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Organic Sugar Baby.

13) Shop at farmers’ markets. Ask questions. The guy behind the fold-out table most likely grew those sweet grilling peppers himself and loves talking about them.

14) Recognize that your tastes can change. Something you used to hate might taste very differently to you today—or you simply might learn that you hate broccoli when roasted, but love it when steamed.

15) Put your hands in soft bread dough at least once. Making bread is easy. Really really.

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Babka dough…on the rise.

16) Just because a recipe looks difficult to make doesn’t mean it is, or that you won’t enjoy every second of making it.

17) When traveling, eat where the locals eat for the best value and flavor. If you want fancy, ask a local butcher where to eat; he or she will know which restaurants buy the best cuts. If you want simple and hearty, ask a policeman where to eat.

18) Along the same lines, try foods that the place is known for. Taste an artichoke in Rome, heather honey in Scotland, flying fish on Barbados, sharp white cheddar in Vermont.

19) Go strawberry picking. Go anything picking. Wear decent shoes. Flip flops aren’t.

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20) Own a proper set of knives. They should be weighted evenly, with the metal running straight through the handle. I firmly maintain that if you own cooking equipment that you don’t have to fight, you’ll enjoy cooking far more.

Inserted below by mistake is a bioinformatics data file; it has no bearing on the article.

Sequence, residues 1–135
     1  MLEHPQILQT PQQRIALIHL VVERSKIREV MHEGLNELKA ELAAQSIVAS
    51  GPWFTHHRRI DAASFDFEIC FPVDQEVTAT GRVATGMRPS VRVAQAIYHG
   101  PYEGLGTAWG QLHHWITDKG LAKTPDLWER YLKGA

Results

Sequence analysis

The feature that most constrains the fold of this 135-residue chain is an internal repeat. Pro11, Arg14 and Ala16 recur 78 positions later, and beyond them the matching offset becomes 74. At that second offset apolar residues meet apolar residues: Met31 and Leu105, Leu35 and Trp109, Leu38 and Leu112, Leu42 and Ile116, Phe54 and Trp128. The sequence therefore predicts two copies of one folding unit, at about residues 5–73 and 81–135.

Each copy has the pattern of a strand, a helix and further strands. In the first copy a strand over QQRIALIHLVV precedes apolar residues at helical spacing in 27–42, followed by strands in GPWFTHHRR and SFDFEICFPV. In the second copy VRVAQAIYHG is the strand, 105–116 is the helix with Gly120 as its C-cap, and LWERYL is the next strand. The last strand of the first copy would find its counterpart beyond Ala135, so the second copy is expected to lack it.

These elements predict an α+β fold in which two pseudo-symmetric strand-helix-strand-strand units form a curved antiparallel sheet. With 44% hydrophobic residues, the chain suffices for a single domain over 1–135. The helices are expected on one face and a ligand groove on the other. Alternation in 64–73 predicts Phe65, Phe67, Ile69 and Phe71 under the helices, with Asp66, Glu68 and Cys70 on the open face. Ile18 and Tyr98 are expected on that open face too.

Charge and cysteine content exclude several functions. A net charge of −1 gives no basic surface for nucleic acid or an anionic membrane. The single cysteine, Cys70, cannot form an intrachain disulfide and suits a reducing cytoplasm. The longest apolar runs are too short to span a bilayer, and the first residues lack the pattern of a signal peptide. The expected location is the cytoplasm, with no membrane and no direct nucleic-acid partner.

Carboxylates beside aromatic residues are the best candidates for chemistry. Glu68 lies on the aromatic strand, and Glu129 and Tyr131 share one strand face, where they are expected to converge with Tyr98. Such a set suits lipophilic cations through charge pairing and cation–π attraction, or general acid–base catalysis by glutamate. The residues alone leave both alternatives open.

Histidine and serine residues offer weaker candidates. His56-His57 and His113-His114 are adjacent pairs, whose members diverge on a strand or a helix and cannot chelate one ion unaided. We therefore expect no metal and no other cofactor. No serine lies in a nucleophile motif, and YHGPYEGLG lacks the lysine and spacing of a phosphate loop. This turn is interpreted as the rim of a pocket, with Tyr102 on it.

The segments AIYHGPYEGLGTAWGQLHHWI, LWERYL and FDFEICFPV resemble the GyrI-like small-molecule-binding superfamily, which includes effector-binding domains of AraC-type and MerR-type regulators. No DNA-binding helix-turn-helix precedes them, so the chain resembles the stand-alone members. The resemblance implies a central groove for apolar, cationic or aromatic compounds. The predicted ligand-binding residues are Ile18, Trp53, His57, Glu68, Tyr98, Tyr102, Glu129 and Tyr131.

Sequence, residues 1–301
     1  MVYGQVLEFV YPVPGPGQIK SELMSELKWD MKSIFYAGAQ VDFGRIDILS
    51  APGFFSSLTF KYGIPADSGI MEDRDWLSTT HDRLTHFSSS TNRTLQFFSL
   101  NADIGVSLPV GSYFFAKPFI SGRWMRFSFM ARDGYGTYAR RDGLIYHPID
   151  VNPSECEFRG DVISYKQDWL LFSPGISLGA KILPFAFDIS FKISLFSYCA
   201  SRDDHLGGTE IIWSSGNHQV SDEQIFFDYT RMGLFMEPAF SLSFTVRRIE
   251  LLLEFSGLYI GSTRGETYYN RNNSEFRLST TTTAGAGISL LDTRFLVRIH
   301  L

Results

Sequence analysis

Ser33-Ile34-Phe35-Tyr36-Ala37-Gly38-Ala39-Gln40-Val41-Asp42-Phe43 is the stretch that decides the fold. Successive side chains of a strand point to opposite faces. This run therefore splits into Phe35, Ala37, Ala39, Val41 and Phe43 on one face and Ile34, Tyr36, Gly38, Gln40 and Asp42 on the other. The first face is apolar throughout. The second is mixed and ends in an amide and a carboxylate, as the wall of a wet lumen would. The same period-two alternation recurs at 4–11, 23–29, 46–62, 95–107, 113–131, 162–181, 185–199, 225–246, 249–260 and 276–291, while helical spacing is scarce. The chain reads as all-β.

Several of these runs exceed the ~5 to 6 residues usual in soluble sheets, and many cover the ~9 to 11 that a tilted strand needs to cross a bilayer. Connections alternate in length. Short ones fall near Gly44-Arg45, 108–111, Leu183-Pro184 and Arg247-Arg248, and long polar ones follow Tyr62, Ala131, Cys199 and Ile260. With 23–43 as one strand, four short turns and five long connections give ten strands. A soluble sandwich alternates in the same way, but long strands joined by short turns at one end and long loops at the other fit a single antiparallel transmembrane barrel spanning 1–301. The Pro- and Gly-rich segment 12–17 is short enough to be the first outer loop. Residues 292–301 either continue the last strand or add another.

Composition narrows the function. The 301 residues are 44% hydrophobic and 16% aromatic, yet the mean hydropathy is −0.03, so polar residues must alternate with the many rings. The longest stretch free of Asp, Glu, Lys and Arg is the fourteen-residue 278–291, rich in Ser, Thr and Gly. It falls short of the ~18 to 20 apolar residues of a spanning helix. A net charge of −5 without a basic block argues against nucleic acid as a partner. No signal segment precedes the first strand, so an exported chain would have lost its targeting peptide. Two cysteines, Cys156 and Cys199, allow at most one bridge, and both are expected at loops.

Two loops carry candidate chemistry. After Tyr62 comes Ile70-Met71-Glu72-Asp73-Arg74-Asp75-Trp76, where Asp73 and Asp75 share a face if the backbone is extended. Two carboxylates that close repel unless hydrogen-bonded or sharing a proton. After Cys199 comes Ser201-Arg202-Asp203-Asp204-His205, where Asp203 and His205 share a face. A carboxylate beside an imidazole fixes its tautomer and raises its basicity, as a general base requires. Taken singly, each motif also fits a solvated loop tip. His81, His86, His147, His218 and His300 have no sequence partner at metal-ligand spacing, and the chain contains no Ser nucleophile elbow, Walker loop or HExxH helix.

21) On the other hand, don’t spend much for ordinary things. An aluminum muffin tin has a design that’s hard to foul up. I bought a few sets for something like $7 at an ex-boyfriend’s sister’s garage sale in 2006. I also bought a hand mixer for five bucks. Both were at least 10 years old when I got them and they’re still chugging along fine.

22) Try different ingredients together, different textures together. If you don’t like it, so what? You can always chuck it if it doesn’t work out. Or you might come up with something wildly groovy.

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This was a weirdo idea I had for a breakfast sandwich: roasted local peaches with my fresh ricotta, basil leaves, and a drizzle of honey. It was too sweet. Next time I’m going to try balsamic vinegar instead of the honey.

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My honeysuckle syrup. One to one with plain vodka over ice was OUT of this world.

23) Eat with your hands. Not at a posh spot with your district manager, but as often as you can. It will taste differently. It’s grounding.

24) Find out what’s growing wild in your backyard, research it, and be clear on it. I’d bet there’s something edible there you can throw into your salad.

25) Eat good-quality chocolate, pure maple syrup (Grade B!), fresh garlic. Spread Irish butter on your English muffin. (Sure, they’ll be fighting in spirit, but in your mouth it’ll be divine.)

26) Try making pumpkin muffins with fresh-baked pumpkin at least once.

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Above: Cinderella pumpkins; below, cheese pumpkins. Highly recommended.

27) When at a Jewish deli, order the hot pastrami sandwich.

28) If you ever come across a cold bottle of sarsaparilla, try it.

29) Ditto for homemade hot chocolate. Ix-nay on the blue packets.

30) Adding a little sprinkle of sea salt to the top of homemade brownies, truffles, chocolate-dipped figs, and peanut butter fudge gives them a happy little punch.